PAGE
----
Is ERP system selection on the horizon?

Having now been helping clients specify and select new business systems for over 26 years, we have witnessed the good, the bad and the ugly approaches to what can be a daunting task.  Regardless of market sector, business size, available budget or urgency of timescales, we believe there is a tried and tested process to successfully specify, select and implement business systems.

So here are the top four mistakes we’ve encountered when it comes to ERP system selection, and, more importantly, how to avoid them.


Number 1 – Lack of Buy In

We get enquiries from owners, directors and senior managers in need of our help to review their current business systems and potentially help them select new ones.  We prefer to meet a prospect face to face and see for ourselves their offices, factory, warehouses and at the same time meet their team.  However, too often it quickly becomes apparent that there is a sole voice driving change with insufficient consultation with peers or worse still budget holders.  This means an ill-defined or absent business case and hence a limited chance that the initial investment required to even find a new system will be signed off when expected.

RECOMMENDATION: Gain commitment and support from the very top before starting on an ERP selection process.  Be realistic on likely costs, effort and timescales to complete this first phase, let alone the eventual implementation.  Our Business Systems Health Check is an easy and quick way to help you prove a business case for change.


Number 2 – Lack of Scope

We use the term ’business systems’ in its loosest form for good reason.  The more specific term ’ERP’ means different things to different people.  Also, not all ERP systems are alike in terms of the core functions they offer.  So, we encourage our clients to initially ignore systems and solutions and instead think about business processes and functions, used by departments and teams.  There’s quite a difference between a system working well and delivering results, to another that’s unstable and reliant on manual workarounds and spreadsheets.  It can be too easy to aim high by wanting to replace everything at once with one new system, rather than considering a less risky, phased approach.

RECOMMENDATION: Prepare a simple matrix of what systems are in use now, by whom and for what purpose.  Then make a rough-cut assessment (High to Low, or 1 to 3) of what you believe needs fixing or changing soonest – that then creates a form of shopping list of what you are looking to buy.  A key purpose of our initial pre-sales visit is to clarify scope at the earliest stage in order to create a shared understanding of what’s urgent versus what can wait.


Number 3 – Poor buying criteria

Whilst we partner with clients as their ’internal’ resource to effect both project and change management, we also get called in to rescue implementations that have gone astray.  One of the most common reasons for this is the lack of a detailed requirements specification or even a list of requirements when the chosen solution was reviewed and selected.  This can happen for a number of reasons – for example, a key sponsor may have used ’ERP Solution X’ previously so it’s seen as a safe bet, or a solution was selected based on a very early high-level demonstration from a vendor, or worse still the incumbent system is just being upgraded.  If you’re lucky, any one of these options might work out well, but more often than not it will mean extended timescales, costs and delayed returns on investment.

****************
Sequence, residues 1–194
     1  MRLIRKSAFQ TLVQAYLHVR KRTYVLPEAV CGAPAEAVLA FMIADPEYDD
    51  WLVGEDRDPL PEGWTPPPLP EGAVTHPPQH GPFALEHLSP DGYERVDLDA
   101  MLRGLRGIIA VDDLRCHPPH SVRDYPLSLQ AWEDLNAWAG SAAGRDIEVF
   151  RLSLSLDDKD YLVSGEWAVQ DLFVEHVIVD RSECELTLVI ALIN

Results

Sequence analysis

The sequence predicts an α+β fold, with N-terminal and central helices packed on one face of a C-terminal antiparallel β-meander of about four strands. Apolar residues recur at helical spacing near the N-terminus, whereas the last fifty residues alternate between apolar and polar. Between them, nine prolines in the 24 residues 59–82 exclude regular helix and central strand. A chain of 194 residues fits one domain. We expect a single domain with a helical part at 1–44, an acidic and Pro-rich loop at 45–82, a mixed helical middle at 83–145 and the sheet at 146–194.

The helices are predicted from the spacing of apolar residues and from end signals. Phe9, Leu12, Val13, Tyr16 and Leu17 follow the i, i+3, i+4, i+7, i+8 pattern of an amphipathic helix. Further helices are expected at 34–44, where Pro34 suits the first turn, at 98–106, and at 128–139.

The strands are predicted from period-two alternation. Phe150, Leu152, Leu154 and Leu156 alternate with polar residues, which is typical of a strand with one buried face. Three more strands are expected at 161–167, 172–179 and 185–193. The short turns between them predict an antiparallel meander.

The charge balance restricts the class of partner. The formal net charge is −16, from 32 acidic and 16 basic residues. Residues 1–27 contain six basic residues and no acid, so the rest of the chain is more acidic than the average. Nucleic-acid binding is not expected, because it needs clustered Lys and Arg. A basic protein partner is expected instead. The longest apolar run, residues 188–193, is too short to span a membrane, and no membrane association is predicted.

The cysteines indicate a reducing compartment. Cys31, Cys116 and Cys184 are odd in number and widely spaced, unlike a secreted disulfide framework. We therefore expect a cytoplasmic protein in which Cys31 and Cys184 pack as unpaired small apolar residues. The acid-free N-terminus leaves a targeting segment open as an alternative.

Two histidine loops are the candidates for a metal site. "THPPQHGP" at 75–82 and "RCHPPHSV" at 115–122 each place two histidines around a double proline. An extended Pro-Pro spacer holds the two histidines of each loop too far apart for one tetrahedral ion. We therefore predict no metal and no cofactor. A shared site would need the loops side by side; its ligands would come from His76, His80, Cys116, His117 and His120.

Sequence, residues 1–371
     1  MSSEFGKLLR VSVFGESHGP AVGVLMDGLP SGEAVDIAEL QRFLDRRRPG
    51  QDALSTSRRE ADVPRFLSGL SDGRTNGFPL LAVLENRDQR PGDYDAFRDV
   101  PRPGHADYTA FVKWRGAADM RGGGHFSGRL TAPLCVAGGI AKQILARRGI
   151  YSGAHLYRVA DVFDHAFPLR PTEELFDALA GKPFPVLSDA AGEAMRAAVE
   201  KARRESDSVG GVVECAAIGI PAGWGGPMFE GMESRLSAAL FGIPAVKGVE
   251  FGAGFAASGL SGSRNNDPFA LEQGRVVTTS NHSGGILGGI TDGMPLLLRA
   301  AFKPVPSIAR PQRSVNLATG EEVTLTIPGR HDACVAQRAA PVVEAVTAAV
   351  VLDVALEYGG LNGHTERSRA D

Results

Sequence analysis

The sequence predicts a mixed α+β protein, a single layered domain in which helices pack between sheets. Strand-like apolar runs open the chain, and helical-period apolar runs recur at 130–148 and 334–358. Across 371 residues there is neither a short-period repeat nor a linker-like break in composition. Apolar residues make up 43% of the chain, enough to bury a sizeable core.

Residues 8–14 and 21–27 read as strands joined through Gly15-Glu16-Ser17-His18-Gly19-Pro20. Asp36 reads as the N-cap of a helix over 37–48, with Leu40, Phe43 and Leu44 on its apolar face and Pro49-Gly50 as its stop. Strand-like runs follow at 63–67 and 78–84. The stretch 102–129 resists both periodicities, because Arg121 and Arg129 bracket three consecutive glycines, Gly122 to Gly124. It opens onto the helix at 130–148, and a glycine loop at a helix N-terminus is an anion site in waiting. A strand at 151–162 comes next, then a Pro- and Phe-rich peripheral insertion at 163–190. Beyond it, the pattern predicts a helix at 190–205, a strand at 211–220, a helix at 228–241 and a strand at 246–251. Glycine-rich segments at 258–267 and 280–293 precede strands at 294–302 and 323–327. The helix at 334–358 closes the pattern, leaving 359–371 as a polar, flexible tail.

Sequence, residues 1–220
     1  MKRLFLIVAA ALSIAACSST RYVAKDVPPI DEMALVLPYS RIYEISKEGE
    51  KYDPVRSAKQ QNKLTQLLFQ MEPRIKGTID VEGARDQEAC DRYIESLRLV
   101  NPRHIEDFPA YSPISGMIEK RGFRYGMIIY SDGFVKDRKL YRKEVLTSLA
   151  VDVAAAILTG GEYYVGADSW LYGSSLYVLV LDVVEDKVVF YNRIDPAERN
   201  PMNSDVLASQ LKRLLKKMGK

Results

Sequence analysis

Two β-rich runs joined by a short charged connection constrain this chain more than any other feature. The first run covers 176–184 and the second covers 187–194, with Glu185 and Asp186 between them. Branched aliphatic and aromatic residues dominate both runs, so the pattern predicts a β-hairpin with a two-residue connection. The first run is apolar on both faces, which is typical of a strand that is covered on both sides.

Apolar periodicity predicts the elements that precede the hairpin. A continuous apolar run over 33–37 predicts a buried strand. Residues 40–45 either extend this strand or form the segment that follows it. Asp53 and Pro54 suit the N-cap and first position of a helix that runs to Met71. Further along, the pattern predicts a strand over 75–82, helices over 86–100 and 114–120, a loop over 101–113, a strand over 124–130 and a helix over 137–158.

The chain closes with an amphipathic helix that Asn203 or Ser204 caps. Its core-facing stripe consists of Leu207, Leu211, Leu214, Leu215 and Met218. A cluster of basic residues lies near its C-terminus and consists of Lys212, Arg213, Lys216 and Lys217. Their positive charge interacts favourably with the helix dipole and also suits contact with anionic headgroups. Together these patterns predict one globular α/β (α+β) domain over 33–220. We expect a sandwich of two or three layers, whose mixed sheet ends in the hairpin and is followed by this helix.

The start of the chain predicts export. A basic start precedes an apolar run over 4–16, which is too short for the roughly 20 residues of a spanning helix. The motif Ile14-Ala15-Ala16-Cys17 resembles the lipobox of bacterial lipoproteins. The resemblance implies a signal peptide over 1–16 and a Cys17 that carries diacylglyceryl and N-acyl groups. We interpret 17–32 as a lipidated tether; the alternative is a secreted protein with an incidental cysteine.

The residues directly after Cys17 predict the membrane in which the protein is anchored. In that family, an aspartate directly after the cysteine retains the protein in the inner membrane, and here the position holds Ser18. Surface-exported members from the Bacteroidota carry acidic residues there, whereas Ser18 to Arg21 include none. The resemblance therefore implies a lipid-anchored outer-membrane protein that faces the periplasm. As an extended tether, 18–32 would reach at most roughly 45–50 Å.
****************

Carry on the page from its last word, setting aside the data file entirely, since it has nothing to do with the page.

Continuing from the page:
RECOMMENDATION: At the very least, conduct a review of what your business processes look like today and then bearing in mind your business plans, what you believe you need in future.  Don’t assume all ERP, CRM or other business systems can just be adapted to your needs, that is unless you’ve got very deep pockets.  Our System Selection process helps avoid this by including detailed discovery as its starting point.


Number 4 – Buying on price

Now this is a tricky one given there can be so many demands on any business wishing to grow and often if business systems are ’just about’ working, then the drive to make a change can be low on the agenda.  Having overcome that hurdle and you are some way down a solutions comparison path, then the cost of a new implementation will be an important factor in your choice.  However, we’d urge caution in placing too much emphasis on initial costs from the shortlisted vendors, few of which in our experience are like for like, can be less than clear on what’s included and tend to focus on initial costs rather than a 3 to 5 year total cost of ownership.  The real danger is making compromises on too many features and functions purely to keep within a budget.

RECOMMENDATION: Be realistic in the investment needed for implementation and consider ALL costs, internal and external.  Insist that potential vendors present like for like costs where possible with 3 to 5 year costings as well as confirmation of likely price changes beyond the first year. Our scoring of vendor responses does all this and more and makes sure functionality is considered at the same time as price.

We could list more than this, of course, but we hope this gives you a flavour of what and how to avoid these types of mistakes we’ve encountered in our years of supporting people with system selection.

We’d love to help you on your selection journey, please get in touch for an initial chat.